places : morkery wood
updated 23/10/2005 : added 31/12/03
Morkery Wood is an area of Forestry Commission woodland about 5 miles
west of Castle Bytham on Morkery Lane, the road to South Witham. It
forms part of, what the Forestry Commission call, the Kesteven Forest.
In the past the wood has been used as a munitions dump for RAF South
Witham. Throughout the wood are hardcore paths and the foundations
of former buildings all giving clues to a former life. Now the paths
make for easy walking, even on the wettest of days, and make walking
through a wood with a push chair a dream!
events at morkery
As well as being open to the public throughout the year for leisurely
recreation Morkery Wood is also used for hunting, shooting and for
other events at different times.
revival rally 2005
Organised by The
Endurance Rally Association, the Lombard
Revival Rally 2005 revives the flavour and spirit of the RAC
Rally. On 25 November 2005, at around 12noon, this 1200 mile event
passes through Morkery Wood. All cars in the rally are under 1400cc
and are unmodified from the kind of car you and I would use to do
On 21 June 2005 the Wild
About Britain charity organised a walk around morkry wood offering
participants the chance to 'Discover the abundant wildlife of an ancient
woodland on this relaxed walk through Morkery Wood. Find out about
is trees, wildflowers and myriad insect and bird life.'
... motor sports association rally
On 16 July 2000 the wood played host to one of the stages of the Motor
Sports Association Rally.
The days events started at Barkston Heath Airfield, just north of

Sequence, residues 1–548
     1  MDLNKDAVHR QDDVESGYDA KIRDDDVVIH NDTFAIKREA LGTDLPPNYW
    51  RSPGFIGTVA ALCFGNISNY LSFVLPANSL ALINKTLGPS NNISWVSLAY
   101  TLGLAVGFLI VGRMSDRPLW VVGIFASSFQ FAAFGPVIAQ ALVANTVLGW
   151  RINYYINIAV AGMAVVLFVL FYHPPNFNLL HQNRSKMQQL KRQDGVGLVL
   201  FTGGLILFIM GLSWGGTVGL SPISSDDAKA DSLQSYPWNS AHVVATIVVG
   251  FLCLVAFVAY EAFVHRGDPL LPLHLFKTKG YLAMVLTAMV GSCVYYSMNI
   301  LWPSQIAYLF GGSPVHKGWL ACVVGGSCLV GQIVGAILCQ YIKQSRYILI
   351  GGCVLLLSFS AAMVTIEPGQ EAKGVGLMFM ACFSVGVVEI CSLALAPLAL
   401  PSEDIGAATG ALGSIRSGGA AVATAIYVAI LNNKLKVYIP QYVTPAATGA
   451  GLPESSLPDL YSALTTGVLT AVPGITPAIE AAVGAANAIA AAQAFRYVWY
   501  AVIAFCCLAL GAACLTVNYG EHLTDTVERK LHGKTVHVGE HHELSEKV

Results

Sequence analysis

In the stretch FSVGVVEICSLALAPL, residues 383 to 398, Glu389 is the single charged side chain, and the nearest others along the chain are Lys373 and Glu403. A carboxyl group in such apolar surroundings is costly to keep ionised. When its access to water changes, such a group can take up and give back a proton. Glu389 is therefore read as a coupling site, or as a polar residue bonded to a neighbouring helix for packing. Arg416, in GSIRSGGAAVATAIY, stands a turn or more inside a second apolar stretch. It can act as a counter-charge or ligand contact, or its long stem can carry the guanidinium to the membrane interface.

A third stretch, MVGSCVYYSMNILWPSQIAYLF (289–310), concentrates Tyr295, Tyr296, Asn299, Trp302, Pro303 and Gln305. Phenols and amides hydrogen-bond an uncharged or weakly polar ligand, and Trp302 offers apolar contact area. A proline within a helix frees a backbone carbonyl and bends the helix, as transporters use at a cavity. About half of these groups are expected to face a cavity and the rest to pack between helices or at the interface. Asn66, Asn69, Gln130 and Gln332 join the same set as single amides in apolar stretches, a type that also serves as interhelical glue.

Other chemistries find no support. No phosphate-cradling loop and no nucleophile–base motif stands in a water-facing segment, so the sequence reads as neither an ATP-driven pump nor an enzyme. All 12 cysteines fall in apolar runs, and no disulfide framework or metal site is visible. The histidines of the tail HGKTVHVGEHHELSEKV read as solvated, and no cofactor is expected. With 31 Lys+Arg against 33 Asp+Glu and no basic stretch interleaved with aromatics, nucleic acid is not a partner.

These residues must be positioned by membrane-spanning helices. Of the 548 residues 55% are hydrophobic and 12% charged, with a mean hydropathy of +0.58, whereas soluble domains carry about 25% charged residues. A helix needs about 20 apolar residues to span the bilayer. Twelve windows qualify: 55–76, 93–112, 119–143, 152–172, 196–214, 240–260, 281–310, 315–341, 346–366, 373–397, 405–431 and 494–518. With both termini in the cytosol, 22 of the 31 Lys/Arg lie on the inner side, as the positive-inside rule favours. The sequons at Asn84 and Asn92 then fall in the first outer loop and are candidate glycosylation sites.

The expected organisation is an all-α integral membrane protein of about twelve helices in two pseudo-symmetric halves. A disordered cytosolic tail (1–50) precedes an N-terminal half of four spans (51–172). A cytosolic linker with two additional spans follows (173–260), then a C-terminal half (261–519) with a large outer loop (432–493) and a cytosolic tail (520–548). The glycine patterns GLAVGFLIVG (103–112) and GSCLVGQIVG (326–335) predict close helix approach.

Grantham, then headed to Morkery and ultimately onto Belvoir
Castle. Stage 4, the stage through Morkery Wood was closed to
spectators and also ended up being curtailed due to 'slippery roads'
within the wood itself.
The wood is used for orienteering by local clubs. West
Anglia Orienteering Club produced a detailed map of the wood for
orienteering purposes and used hold events there occasionally.
Did you work at RAF South Witham and maybe know a bit more about the
history of the wood?
If so we would be pleased to hear from you ... Contact
From the Forestry
Commisssion website ...
" Morkery is a small
peaceful ancient woodland which was used as ammunition and bomb store
during the second world war (RAF South Witham). The network of hard
tracks provides good all year round access for walkers, cyclists and
horse riders. A small car park and picnic area is provided. Much of
the woodland was felled in the mid 1990s following the death of the
Norway spruce crops planted after the war. These sites are naturally
regenerating to site-native oak and ash woodland under the 'Ancient
In Morkery you'll find brown hare and rabbit, together with fox and
badger. There are also muntjac
deer, (the little ones), and pipistrelle and brown long-eared
As far as birdlife is concerned this is an ancient semi-natural woodland,
with large areas of birch scrub, which attract numerous warbler species.
There is also a good chance you will see or here the great spotted
and green woodpeckers. Birds of prey commonly seen and heard are tawny
owl, sparrowhawk, kestrel, hobby, and buzzard, the latter circling
slowly above the trees.
There are grass snakes in the wood, and common frogs and toads.
Brimstone, peacock, red admiral and speckled wood butterflies abound,
and if you are lucky, you might spot the rare grizzled skipper.
There is a small limestone quarry which has its own unique plant and
insect species. "
WEBSITE LINKS NOTE ...
The following Links relate to the item above. They are correct and
working at the time this item was added to theBythams website - December
2003. They will not be updated at anytime in the future and so may,
therefore, cease to function correctly as website addresses change.
Some of the links below are reproduced on the Links
page of theBythams website and those are kept up-to-date and checked
frequently. So if the link below doesn't work use the one on the Links
to GOTO the Forestry
HERE to GOTO the Wild
About Britain website
HERE to GOTO the West
Anglia Orienteering Club website